If you read my posts on Facebook, you’ve probably heard there’s an exhibit of my work at the Green Sage Coffee House and Cafe in South Asheville. This is one of two Green Sage restaurants in Asheville, and there’s a third scheduled to open at the Westgate Shopping Center this summer.
This first photo was taken on the evening of April 1, when we hung the prints. The lighting and the gallery hanging system they use show that they take the art that goes on their walls very seriously. And get this – they only display work by photographers! So of course I am delighted to have my prints exhibited there through June 30.
My first piece sold on April 19. It’s the one at the far right.
Here’s the closeup, titled Reflective Moment at Lake Susan.
Selling this one first was special to me, for a number of reasons:
- I really like the good people from New York City who purchased it.
- It’s the most “recent” piece and stood out among some proven sellers. I put recent in quotes because I clicked the shutter more than eight years ago. But that’s a mere technicality: the concept and all the computer processing and printing (which I did myself) are new – ergo, recent work.
- Quite a bit of time and effort went into it (and it will probably get tweaked more).
You may be interested in the steps I went through to create the image. Or you may prefer to just look at photos. (I have tried to keep the word count down.)
Tiny Lake Susan is in Montreat, NC., a small town next door to the larger and better known small town of Black Mountain. The next photo shows about 80 to 90 percent of the lake on a beautiful fall day. The large, European-style stone building at the left is Assembly Inn. Note the two white swans near the footbridge on the far side of the lake. And the mountains in the distance!
The next photo features Father Christmas and his wife, who were visiting that day and were kind enough to stop and pose for me. If I could locate them, I’d send them a print.
Before you move on, let me call your attention to the brightly colored paddle boats and canoes that clash with the more subdued tones of, well, everything else in the image. Now scroll up to the previous photo that was taken a minute and half after this one. . . . Having those aesthetically offensive boats gone makes me feel sooo much better! Took about a minute, using Photoshop’s Spot Healing Brush Tool.*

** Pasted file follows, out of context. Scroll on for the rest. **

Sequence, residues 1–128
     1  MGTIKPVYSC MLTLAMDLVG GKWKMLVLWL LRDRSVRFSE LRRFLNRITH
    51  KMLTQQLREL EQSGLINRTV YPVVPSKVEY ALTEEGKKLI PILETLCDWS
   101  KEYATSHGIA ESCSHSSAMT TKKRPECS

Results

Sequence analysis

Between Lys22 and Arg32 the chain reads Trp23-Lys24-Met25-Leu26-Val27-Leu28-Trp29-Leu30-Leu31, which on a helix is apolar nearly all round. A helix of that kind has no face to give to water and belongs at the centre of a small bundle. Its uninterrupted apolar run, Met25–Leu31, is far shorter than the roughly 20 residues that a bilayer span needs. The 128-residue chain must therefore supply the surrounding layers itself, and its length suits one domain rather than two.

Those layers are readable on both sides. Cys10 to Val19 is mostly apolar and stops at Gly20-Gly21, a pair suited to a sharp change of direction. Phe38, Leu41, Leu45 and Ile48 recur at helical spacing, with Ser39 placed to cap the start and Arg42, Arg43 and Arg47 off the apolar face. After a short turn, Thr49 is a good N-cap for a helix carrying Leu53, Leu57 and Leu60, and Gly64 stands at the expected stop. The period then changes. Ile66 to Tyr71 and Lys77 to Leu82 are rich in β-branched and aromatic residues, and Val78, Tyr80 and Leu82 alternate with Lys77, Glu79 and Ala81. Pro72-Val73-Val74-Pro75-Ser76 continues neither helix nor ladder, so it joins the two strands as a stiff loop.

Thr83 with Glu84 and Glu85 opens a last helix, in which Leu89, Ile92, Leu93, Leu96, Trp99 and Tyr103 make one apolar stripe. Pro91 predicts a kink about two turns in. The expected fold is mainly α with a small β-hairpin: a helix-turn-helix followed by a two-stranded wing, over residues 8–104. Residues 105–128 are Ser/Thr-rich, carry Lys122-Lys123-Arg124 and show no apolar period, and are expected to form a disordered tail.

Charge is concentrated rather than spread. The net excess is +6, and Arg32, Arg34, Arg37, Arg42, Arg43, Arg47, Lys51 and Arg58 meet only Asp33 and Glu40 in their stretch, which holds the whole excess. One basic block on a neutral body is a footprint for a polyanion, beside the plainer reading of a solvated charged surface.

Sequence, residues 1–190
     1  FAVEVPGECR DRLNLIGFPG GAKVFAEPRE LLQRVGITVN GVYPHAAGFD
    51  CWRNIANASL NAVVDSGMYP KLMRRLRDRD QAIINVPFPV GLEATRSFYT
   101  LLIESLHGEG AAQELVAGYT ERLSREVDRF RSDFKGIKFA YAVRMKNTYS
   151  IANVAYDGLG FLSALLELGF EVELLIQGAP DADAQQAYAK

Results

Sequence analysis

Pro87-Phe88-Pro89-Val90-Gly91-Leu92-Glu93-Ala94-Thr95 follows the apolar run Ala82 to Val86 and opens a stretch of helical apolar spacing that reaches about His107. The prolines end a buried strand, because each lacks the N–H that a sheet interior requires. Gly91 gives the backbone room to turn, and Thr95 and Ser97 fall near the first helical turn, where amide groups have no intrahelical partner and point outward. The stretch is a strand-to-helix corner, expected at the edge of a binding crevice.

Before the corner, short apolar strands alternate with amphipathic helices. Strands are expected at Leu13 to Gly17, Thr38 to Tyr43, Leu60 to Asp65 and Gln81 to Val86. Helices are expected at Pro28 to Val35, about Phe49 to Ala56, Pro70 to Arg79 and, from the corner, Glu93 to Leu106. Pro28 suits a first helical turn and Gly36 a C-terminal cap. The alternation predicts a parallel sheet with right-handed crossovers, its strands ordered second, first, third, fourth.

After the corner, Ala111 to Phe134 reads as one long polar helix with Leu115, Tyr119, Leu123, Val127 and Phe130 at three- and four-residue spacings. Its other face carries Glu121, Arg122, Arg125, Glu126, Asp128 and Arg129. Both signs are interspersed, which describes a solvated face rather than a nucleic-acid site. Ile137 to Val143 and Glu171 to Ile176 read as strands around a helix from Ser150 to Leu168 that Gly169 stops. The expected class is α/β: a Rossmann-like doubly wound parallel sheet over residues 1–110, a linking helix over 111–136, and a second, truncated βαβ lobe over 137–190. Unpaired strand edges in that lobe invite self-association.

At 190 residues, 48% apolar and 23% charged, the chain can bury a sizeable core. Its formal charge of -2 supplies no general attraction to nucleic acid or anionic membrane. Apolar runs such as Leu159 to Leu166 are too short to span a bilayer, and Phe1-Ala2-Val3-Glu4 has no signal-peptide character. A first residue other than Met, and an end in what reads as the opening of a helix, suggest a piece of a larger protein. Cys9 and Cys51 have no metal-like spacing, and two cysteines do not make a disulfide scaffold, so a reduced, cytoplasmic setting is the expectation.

That was all the photography I had time for that day; but the vibrant fall colors and the tranquil setting had worked their spell, bringing me back just two days later.
As you’ll see, I was not disappointed. Here’s one of the reflection of Assembly Inn taken from the opposite side of the lake. I love the late-fall colors and fascinating architecture, but it is upside down . . .
There, now it looks kind of impressionistic. Except for the rotation, this is exactly as I shot it – no cropping or any other manipulation. (Note to self: consider doing something with this one.)
Next is another shot taken from the same location a few minutes later. I couldn’t have positioned the swans any better if they were remotely controlled. I guess the spirit of Father Christmas was with me.
Still, the picture doesn’t stand on its own like this, mainly because most of what’s interesting about it is upside down. And the top portion is, frankly, kind of junky looking, with the cars, paddle boats and canoe, and other distractions. So the question, as always, is this: Can the image be made more appealing? There’s certainly enough there to make it worth a try.
So let’s see how it looks when it’s flipped.
Much more promising, in my view, but still needs work – severe cropping, for one thing. Also, there’s something wrong with the swans that may not be immediately apparent. They’re supposed to be swimming (floating/paddling) on the surface, and yet they’re darker than their reflections in the water. That’s because the real swans and their reflections are reversed now. So I’ve got to rotate those guys, using one or more of Photoshop’s selection tools.
By this time I realized that if the image was going to have the intended impressionistic effect, I’d have to get rid of everything that made it too obvious that it was a just a reflection. The idea wasn’t to pass it off as a painting; I just wanted it to look like it might be a painting, to create that impression long enough to pique the viewer’s curiosity. The world of art is one place where ambiguity is not only acceptable but often desirable.
It took a while to determine that all signs of the wall and fence in the foreground would have to go, as would the pole on the right along with several other distractions in the water. And especially those paddle boats and the canoe.
Those alterations took a fair amount of time and some trial and error, but my trusty old partner, Photoshop, didn’t let me down. (Whenever I start thinking I’m pretty good at Photoshop, I always remind myself that I’m just scratching the surface.)
So there you have it, Anatomy of an Image.
If I were a painter, which I’m not, I wouldn’t paint it exactly like that, but maybe pretty close.
I would love to hear your comments and suggestions; and please let me know if you would like me to post more of these show-and-tells. I sure enjoyed doing this one!
* Some readers may object to that kind of Photoshopping. For now, I’ll just say I’ve thought about it and come to a position with which I’m comfortable. It mostly comes down to the intended use of the image. I’ll discuss the issue in more detail in a future post, probably next time.